Madder is employed for dyeing two kinds of reds on cotton, one a dull brownish red called "indian," and another the most brilliant of all, "named Turkey red." The former is dyed by preparing cottong with a very light sumac, one pound to ten of cotton in yarn, in the same way as for bar-wood red; then giving it a strong mordant of the acetate of alum. This latter is prepared by dissolving one pound of alum for every ten pounds of cotton, to be dyed in a clean vessel, then adding, in a dissolved state, one ounce of the acetate of lead, stirring all up, and allowing the sediment to fall to the bottom. The clear is then used as a mordant, at a temperature of 160°. The goods are handled in this for about ten minutes, then sunk under the liquor for six hours, after which they are lifted, dripped, and washed thoroughly. They are then fit to receive the madder dye. This is done in a copper kettle gradually brought up to a boil, and then boiled for half an hour. It takes about 1½ pounds of ground madder roots to dye one pound of cotton (a little sumac is added to the madder). This is an expensive color but very fast. No Turkey reds are dyed in our country; the process is tedious and expensive, and it would perhaps be a waste of space to describe it. A description of the process is to be found in Dr. Ure's old Chemical Dictionary, furnished by M. Papillon, the French gentleman who introduced the art into Britain, but the whole details of the process, as now practiced by the best Turkey-red dyers, is totally different, and the manipulations are much reduced in number.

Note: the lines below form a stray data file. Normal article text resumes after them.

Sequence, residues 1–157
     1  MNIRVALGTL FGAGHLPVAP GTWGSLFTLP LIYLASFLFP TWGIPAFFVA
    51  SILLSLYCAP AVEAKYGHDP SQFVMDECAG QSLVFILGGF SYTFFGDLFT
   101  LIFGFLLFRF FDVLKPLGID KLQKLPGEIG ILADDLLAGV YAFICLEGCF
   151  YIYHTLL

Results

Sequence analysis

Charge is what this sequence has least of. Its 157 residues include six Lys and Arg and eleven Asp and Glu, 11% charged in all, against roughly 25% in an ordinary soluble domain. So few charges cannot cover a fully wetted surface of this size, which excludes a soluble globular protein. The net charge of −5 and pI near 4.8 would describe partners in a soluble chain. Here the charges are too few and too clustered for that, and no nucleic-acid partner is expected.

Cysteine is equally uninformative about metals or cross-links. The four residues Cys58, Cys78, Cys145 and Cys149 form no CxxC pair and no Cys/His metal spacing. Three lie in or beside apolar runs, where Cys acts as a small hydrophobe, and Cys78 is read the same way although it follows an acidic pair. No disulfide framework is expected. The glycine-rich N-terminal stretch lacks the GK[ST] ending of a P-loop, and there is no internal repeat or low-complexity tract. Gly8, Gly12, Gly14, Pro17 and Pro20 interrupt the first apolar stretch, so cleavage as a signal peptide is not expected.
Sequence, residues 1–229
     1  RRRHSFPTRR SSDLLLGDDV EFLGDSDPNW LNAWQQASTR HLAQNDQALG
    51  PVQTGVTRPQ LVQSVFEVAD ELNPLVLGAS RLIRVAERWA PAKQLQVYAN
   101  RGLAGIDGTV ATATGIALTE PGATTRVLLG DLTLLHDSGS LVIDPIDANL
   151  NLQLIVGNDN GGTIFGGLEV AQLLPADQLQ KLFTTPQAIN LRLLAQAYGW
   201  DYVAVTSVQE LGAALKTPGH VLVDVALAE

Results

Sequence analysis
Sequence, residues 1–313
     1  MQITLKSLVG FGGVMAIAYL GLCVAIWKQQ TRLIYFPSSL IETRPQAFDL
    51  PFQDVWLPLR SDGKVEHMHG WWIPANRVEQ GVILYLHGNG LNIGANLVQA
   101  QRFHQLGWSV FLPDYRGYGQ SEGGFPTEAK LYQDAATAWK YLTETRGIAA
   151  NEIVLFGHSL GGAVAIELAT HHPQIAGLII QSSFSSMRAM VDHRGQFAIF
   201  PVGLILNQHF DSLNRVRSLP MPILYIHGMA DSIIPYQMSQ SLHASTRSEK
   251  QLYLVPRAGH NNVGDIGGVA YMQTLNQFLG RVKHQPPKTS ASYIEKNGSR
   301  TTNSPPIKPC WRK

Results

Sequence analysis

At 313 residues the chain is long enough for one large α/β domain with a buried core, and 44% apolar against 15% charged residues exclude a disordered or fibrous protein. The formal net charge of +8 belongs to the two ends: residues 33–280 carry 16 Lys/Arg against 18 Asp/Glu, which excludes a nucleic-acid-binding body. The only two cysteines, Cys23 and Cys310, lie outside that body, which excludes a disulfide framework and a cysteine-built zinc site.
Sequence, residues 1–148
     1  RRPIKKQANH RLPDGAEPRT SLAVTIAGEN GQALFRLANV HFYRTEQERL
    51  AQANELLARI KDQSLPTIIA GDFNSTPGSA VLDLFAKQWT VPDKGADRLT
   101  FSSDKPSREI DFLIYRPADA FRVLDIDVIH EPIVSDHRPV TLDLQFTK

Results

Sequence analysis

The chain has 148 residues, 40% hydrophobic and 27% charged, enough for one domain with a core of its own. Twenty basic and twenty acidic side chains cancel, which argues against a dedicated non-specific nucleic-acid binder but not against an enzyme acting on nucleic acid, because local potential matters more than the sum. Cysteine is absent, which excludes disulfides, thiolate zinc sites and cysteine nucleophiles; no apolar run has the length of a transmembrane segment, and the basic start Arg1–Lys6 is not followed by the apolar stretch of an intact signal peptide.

Madder is the best vegetable coloring matter yet discovered for dyeing red, and were it more generally cultivated in our country, so as to reduce its price, and were the advice of Mr. Partridge, as given in former numbers of the Scientific American, followed, our country might soon rival, if nor surpass, all others in dyeing red colors on cotton. As it is, Scotland supplies us with Turkey red yarn and plain red pieces, and France (if we are not imposed upon,) with Turkey red calicoes. Speaking correctly, Turkey-red is the only pure red dyed on cotton, all the other reds - bar-wood and peach-wood - are dull and brownish when compared with it.
Alizarin is the red coloring matter od madder. Garancine is a product of madder, obtained by submitting it (the madder) for a short time to strong sulphuric acid, washing the latter well out, and then drying the madder so treated for market. Alum is the mordant used for this substance, which only yields its color at a boiling temperature. A little sumac is added in the bath, and the process is about the same as for Indian madder red. We believe its use is confined to calico print works entirely. It gives a more lively color than common madder, and it is not so liable to run upon the white parts of calicoes. Colorine is another product of madder, now extensively used in French calico printworks.
Brazil wood and sapan wood are used for dyeing red in the same manner as peachwood (Nicaragua). They are finer in quality, and superior, but not much used because they are dearer. None of the stand exposure to the sun for any lenght of time, hence they are set down as fugitive colors.
In out next we will describe the modes of coloring silk and wool, red.